TUESDAY 17TH MARCH 2009.
It’s a wet day today and I am glad.
It’s also exactly the second week of my maternity leave and I couldn’t ask for anything more.
I just recently had my first child, a beautiful baby girl with brown eyes, whose laughter never ceased to put a smile on my face.
I have a live-in nurse that helps me take care of her.
Life is very good.
I decide to sleep in today and get up at exactly 10 am.
My editor, Mrs. Grace, God bless her soul, she called me a week earlier saying, ‘Hello Sarah, good morning and congratulations on your new baby, I have sent a truckload of toys and baby food for our little angel, see this as my way of appreciating you. You have been delivering best sellers and I sure can’t wait to read your new book’.
Writing had always been a thing of ease for me. It has always been something that just flowed, never forced. I had written my first work when about seven years old, but I didn’t get published until when I was in high school, when my story about the futility of life was published in our school yearbook.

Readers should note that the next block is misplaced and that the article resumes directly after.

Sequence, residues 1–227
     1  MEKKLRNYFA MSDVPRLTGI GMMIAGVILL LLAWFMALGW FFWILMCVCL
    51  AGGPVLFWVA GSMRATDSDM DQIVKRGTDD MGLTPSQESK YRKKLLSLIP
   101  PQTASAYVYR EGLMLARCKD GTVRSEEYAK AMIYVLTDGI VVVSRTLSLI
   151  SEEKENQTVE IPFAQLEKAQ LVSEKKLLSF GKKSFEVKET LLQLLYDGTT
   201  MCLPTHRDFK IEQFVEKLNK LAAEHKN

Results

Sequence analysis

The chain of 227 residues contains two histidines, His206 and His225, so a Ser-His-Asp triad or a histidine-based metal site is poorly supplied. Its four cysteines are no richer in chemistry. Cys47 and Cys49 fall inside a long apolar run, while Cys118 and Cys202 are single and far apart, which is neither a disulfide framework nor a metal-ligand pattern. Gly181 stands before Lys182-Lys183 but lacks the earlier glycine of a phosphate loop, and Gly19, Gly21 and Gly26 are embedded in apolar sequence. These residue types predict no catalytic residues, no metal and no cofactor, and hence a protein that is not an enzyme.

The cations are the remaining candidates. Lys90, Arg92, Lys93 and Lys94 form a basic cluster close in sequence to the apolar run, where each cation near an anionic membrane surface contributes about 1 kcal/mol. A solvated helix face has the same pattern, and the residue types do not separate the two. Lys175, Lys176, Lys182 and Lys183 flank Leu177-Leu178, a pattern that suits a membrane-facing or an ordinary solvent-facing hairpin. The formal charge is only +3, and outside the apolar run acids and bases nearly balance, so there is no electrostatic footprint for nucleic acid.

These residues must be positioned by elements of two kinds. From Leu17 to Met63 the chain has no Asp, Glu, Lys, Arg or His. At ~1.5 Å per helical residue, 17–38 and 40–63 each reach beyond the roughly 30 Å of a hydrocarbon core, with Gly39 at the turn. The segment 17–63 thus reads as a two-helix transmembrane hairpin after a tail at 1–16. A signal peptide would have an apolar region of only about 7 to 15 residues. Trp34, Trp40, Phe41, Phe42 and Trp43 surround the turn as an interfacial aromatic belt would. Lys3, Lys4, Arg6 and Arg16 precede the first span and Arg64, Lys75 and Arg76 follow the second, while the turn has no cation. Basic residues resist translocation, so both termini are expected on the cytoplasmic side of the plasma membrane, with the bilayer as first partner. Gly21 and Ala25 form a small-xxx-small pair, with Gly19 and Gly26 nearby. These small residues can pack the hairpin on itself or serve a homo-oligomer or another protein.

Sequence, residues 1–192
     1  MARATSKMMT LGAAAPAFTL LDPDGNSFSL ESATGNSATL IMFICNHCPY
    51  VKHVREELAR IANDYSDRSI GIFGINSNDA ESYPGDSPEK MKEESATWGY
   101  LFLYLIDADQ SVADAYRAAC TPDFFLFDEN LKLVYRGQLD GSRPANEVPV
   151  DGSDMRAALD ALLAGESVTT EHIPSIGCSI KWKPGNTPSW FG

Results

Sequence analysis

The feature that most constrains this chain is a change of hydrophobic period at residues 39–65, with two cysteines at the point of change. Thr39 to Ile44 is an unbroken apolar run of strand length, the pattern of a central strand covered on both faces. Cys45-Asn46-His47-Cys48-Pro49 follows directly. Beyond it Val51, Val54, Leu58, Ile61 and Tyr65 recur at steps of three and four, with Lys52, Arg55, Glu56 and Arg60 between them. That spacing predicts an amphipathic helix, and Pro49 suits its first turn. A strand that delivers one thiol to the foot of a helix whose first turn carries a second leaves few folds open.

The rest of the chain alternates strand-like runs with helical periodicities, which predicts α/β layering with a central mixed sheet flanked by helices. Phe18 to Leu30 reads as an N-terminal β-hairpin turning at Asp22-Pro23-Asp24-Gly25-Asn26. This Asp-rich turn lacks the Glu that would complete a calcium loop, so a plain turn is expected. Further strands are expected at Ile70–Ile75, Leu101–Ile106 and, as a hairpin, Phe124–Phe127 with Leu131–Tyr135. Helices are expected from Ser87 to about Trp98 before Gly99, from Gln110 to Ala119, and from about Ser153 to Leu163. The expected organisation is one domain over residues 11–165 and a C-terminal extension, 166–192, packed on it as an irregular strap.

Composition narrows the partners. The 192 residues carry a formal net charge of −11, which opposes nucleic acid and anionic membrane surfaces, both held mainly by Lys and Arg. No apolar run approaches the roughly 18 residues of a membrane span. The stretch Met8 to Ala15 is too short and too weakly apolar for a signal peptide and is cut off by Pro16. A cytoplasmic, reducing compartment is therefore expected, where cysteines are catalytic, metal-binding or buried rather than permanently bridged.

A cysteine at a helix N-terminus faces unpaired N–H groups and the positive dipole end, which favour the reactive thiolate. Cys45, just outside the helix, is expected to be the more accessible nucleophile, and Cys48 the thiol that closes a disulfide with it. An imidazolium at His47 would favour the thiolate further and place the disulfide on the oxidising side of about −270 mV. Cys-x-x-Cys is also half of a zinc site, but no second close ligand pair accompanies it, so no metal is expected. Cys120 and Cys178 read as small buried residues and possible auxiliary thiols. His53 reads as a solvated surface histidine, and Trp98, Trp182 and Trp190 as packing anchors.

I had already gone halfway in writing my seventh novel, ‘The darkest light’ when I got pregnant with my first child. It’s about a girl, Amanda and her journey, battling low self esteem and asthma.
Ever since I gave birth to the baby, writing became miserable for me. It felt like the door to my imagination, where I meet with my little friends was slammed shut.
I picked up my pen to write.
‘Kate was the most beautiful girl in the eight grade.
She turned the heads of many -a-boy and was sure to be elected as the class queen,
She always held that title and no one had come close to challenging her, she was flawless.’
Just as I began to feel the stream of imagination coming back,
I heard the loud wail of my child and the soft voice of the nurse telling me that it’s time to breastfeed the baby. I knew that that ends today’s writing. I sadly placed my pen on the table, stood up and followed her to the baby’s room.